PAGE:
Use this URL to cite or link to this record in EThOS: http://ethos.bl.uk/OrderDetails.do?uin=uk.bl.ethos.727014
Title: "You can't bury them all" : the representation of women in the contemporary Iraqi Kurdish novel in Bahdinan
Author: Alhamid, Lolav M. Hassan
ISNI:       0000 0004 6423 0980
Awarding Body: University of Kent
Current Institution: University of Kent
Date of Award: 2017
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Abstract:
This thesis aspires to place the literature of Bahdinan on the Kurdish literary map through reading contemporary Iraqi Kurdish novelistic discourse by Bahdini authors. It examines the women who inhabit the literary circles of Bahdinan today by focusing on the ways in which they are represented and the ways in which they determine to represent themselves. The study is the first fully and exclusively to investigate the literary representations and voices of Kurdish women in the novels by contemporary Bahdini male and female authors. In examining these novels, I capture the manners and mechanisms by which Kurdish women are represented in relation to the changing socio-political situation of Iraq. In reaction to the historical processes of marginalization and relegation by the different hegemonic structures in Iraq, the case of Kurdish novelistic discourse in Bahdinan offers new grounds for the depiction of the lives and experiences of Kurdish women. Focusing on the representation of female characters and themes, the thesis explores three pairs of novels published in Iraqi Kurdistan and its diaspora since the mid-2000s. The novels, which depict three successive periods of Iraq's recent history (1986-1991, 1992-2008, and 2009-2014), include Qasham Balata's Runaway to Nowhere (2010) and Sindis Niheli's Hizar Di Werçerxana Da, Bergê Êkê (Hizar and the Vicissitudes of Life, Part One, 2013) both of which depict a time of war and political conflicts, Sabri Silevani's Mariama: Kiçe-Jinek ji Zemanek Di (Mariama: A Woman from Another Time, 2007) and Tahsin Navishki's Tavge (2011) both of which explore gender norms and violence against women in the post-conflict Kurdish society and Tahsin Navishki's Alê Di Yê Prê (The Other Side of the Bridge, 2010) and Sindis Niheli's Hizar Di Werçerxana Da, Bergê Dwê (Hizar and the Vicissitudes of Life, Part Two, 2014) in which new forms of violence that have arisen in the current moment of criminality and terrorism are represented. A three-moment periodizing model is employed to analyze the novels' representation of women and the violence they experience in relation to modern Kurdish history according to three chronological interrelated phases: women and war-related violence, women and post-conflict violence, and women and terrorism-related violence. A feminist approach that intersects with a variety of fields including anthropology, sociology, psychoanalysis, and economics considers literature, particularly the novel, as an influential medium for the study of gender inequality and women's socio-political roles and interests. Adopting this model and employing textual and contextual approaches, the thesis explores the representation of the various forms and layers of violence against women during times of armed conflicts and political disputes. Kurdish women are depicted as suffering from growing levels of violence related to the traditional gender attitudes, patriarchal and tribal structures in addition to sexual and domestic war-related and post-conflict gender violence. The study also investigates the ways in which oppressed Kurdish women in Iraq resist violence, attempt to bring about change, and transform themselves from voiceless victims to influential social and political activists. Kurdish novelistic discourse in Bahdinan suggests that despite the significant absence of novelistic production by Kurdish women writers, male writers, writing with a sense of responsibility to their community, have effectuated the depiction of women-related themes in their works. It is concluded that with the establishment of the quasi-independent Kurdish region in Iraq in 1991 and the growing production of Bahdini novels, Kurdish novelists, both male and female, have come to place more emphasis on feminist subjects and themes than ever before. These novelists endeavour to highlight the Kurdish marginalized culture and silenced history in their writing while maintaining a feminist sense of representation through focusing on the lives and experiences of female characters. These novels, studied within and in relation to the postcolonial feminist canon, emphasize the ways in which ethno-national divisions as well as long-lasting political, social, economic and cultural effects of colonialism, armed-conflicts, and violence affect women. Thus, they can be justly described as testimonies to Kurdish women's pains and sufferings as well as their determination to resist violence and subordination, thereby contributing to the emerging Kurdish literature that can be most productively explored within a feminist and postcolonial frame.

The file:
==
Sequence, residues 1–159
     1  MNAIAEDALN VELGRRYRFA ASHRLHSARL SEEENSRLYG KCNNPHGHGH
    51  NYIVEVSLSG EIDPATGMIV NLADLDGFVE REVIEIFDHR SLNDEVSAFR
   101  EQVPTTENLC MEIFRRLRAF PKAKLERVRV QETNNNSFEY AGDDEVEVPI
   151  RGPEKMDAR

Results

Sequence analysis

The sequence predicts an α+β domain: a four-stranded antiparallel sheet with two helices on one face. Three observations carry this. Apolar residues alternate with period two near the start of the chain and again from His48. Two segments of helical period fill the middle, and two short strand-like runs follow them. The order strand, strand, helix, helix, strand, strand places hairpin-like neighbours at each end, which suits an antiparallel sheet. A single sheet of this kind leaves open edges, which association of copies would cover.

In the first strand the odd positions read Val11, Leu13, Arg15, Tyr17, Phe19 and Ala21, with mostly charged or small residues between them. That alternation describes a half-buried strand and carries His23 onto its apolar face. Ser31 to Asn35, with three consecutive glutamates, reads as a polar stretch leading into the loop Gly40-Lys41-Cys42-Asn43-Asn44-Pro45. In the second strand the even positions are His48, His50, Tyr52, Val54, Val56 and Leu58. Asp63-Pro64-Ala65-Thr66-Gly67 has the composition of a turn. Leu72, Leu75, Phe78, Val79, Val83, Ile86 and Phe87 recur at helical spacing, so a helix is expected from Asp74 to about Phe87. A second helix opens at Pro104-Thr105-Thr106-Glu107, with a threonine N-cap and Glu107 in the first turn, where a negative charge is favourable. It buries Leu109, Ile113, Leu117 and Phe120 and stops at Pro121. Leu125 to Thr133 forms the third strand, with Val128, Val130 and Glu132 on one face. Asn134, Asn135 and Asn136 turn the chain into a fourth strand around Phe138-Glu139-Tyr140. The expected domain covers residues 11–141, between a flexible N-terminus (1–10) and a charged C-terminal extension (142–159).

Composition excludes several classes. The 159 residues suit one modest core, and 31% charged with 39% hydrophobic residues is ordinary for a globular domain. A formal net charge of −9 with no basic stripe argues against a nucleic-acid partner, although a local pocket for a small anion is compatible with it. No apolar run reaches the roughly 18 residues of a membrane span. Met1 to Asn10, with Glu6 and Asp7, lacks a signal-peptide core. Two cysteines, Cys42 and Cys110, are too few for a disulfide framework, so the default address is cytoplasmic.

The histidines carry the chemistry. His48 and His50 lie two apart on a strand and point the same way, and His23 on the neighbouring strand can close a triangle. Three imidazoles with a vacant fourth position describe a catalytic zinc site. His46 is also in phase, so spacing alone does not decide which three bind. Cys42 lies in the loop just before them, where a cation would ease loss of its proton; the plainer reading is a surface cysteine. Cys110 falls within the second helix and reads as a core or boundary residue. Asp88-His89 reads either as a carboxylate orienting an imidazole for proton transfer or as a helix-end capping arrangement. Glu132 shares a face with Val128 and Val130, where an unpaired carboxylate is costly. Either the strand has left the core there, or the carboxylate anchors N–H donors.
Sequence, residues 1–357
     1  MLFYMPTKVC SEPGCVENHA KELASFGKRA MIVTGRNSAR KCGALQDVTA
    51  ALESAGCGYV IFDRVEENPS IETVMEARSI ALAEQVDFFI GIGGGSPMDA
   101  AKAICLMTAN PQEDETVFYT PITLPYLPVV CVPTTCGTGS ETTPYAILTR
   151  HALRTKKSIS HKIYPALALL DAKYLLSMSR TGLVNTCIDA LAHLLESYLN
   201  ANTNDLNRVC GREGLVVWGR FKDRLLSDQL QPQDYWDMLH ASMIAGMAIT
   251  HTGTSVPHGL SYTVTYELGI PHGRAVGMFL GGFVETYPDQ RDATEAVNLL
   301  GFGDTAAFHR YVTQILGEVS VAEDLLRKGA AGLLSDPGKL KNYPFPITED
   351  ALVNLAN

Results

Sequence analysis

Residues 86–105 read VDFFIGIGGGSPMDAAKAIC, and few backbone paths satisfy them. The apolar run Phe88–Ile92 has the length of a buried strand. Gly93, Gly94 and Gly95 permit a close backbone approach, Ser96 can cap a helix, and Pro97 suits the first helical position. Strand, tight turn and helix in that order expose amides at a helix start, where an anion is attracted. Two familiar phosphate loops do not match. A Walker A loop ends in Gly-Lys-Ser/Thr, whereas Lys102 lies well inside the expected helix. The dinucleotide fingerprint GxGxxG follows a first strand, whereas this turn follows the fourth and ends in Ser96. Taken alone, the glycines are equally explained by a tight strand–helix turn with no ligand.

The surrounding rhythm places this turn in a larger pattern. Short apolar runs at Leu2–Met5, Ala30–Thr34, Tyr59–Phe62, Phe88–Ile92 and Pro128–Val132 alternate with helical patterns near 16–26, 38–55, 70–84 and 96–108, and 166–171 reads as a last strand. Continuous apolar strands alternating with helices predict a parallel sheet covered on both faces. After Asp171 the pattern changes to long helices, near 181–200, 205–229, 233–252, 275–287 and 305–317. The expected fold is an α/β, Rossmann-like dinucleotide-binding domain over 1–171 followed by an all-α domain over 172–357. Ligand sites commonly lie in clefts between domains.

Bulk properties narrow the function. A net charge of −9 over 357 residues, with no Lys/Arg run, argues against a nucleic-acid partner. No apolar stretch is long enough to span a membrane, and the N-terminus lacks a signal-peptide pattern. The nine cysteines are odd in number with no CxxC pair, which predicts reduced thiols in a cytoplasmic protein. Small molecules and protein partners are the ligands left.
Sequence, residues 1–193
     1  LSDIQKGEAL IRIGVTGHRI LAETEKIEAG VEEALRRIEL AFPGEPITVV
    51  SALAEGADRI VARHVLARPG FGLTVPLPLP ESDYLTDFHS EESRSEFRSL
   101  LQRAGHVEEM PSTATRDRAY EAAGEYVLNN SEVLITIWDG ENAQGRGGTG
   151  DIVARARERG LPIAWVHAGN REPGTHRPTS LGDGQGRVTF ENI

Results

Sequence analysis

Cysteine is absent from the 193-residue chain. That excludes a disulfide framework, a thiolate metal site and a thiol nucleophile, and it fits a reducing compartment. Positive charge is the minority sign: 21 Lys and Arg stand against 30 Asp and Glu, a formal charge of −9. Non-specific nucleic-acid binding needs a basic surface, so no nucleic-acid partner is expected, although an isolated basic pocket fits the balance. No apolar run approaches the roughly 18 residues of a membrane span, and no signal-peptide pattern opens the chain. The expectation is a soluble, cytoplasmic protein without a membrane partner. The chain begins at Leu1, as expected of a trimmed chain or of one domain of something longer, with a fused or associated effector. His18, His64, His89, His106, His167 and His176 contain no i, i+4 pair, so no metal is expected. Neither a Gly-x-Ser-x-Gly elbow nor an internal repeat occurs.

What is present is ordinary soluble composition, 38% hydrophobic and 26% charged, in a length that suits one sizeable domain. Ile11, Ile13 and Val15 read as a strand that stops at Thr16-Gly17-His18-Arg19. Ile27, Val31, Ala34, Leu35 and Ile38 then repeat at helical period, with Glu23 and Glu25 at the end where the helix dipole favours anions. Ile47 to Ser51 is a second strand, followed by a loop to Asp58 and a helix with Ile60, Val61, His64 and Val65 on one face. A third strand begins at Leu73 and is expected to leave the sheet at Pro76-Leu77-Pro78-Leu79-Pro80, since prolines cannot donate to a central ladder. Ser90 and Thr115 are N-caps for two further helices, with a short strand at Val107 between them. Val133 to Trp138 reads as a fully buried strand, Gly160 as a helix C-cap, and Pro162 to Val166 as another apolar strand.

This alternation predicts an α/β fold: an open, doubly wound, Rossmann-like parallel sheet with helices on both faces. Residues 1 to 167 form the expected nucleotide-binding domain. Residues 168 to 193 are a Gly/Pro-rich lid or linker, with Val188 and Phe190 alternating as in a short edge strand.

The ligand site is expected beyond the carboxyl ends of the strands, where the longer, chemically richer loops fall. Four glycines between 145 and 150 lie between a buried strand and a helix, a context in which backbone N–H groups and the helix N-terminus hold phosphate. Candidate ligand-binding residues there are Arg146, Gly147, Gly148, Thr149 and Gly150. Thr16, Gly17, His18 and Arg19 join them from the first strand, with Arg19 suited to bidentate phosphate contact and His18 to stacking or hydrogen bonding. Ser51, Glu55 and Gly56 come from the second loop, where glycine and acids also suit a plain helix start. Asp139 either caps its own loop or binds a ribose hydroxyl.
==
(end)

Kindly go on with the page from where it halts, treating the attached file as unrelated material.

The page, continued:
Supervisor: Landry, Donna ; Bolaki, Stella Sponsor: Not available
Qualification Name: Thesis (Ph.D.) Qualification Level: Doctoral
EThOS ID: uk.bl.ethos.727014  DOI: Not available
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